Why do Buddhists build monuments despite the core teaching of ephemerality, and what can we learn from this paradox about our own conception of time and space?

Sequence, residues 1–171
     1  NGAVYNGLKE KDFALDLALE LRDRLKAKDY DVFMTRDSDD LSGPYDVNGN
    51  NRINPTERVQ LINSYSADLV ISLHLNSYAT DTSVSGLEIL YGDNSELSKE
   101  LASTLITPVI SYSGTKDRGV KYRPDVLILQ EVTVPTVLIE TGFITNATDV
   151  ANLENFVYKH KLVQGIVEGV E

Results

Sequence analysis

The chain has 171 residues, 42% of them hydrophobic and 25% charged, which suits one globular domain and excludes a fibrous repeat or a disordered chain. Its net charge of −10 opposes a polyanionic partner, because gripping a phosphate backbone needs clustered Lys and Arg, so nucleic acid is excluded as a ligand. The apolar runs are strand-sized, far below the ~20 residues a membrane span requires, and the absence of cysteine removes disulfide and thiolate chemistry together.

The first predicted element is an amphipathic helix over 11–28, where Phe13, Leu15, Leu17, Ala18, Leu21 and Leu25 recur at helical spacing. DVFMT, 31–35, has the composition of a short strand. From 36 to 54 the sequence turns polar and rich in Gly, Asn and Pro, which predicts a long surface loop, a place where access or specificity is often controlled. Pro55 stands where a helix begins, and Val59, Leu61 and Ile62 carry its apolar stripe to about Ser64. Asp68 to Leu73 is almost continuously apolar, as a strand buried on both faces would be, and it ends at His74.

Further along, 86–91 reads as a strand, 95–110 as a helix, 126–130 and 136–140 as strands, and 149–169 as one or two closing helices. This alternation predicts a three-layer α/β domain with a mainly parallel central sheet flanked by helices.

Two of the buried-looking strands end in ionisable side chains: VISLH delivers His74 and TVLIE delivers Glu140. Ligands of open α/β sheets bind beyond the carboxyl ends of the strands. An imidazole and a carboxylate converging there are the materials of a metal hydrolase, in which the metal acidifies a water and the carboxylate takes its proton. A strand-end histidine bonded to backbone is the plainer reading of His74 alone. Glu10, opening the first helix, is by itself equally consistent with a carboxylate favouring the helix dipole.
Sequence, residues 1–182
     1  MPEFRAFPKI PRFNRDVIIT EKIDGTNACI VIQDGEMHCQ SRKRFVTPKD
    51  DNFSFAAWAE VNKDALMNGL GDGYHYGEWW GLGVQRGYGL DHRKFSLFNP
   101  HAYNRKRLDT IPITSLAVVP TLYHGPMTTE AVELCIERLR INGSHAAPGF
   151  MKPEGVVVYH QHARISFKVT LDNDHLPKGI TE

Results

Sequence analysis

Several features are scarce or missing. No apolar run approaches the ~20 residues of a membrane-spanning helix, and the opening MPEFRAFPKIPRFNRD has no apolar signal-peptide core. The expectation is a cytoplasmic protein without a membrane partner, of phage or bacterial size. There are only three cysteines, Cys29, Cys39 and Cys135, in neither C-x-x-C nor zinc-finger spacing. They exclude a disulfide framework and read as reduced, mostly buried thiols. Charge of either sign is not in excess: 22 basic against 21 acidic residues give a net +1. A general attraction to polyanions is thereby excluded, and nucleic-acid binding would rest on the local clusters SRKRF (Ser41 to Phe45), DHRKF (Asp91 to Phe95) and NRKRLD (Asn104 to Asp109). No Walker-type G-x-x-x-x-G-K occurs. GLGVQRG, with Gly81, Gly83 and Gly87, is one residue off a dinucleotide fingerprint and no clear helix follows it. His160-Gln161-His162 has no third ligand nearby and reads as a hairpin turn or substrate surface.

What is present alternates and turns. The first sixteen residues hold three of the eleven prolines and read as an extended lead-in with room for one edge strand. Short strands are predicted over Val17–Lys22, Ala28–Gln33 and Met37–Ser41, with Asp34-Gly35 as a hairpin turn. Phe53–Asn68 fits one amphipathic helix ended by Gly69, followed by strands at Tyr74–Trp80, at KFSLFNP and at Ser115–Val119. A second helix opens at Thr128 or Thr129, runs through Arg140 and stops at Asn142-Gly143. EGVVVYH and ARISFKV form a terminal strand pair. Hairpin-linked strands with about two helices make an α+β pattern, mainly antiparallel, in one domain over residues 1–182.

Everything changes. This is, in its simplest and most fundamental formulation, one of the essential teachings of Buddhism. Buddhist communities throughout history have preached, practiced, and written about the ephemerality and illusoriness of our everyday lives and experiences. Ironically, however, many of these same communities have attempted to express these teachings in the form of monumental structures meant to stand the test of time. Some of the world’s greatest cultural heritage sites are a legacy of this seeming contradiction between the impermanence that is a central presupposition of Buddhist thought and the permanence to which these same monuments seem to aspire. If the world is characterized by emptiness and the Self is illusory, how does one account for the prodigious volume of art and architecture created by Buddhists throughout history? This Gen Ed course takes a multicultural and reflective engagement with the challenges presented by this conundrum through a study of Buddhist sites scattered throughout time and space. Pertinent topics such as cosmology, pilgrimage, materiality, relics, meditation, and world-making will be explored. Through these Buddhist monuments in South and Southeast Asia, the Himalayas, Central Asia, China, Korea, and Japan, students will learn about the rich, diverse world of Buddhist practice and experience.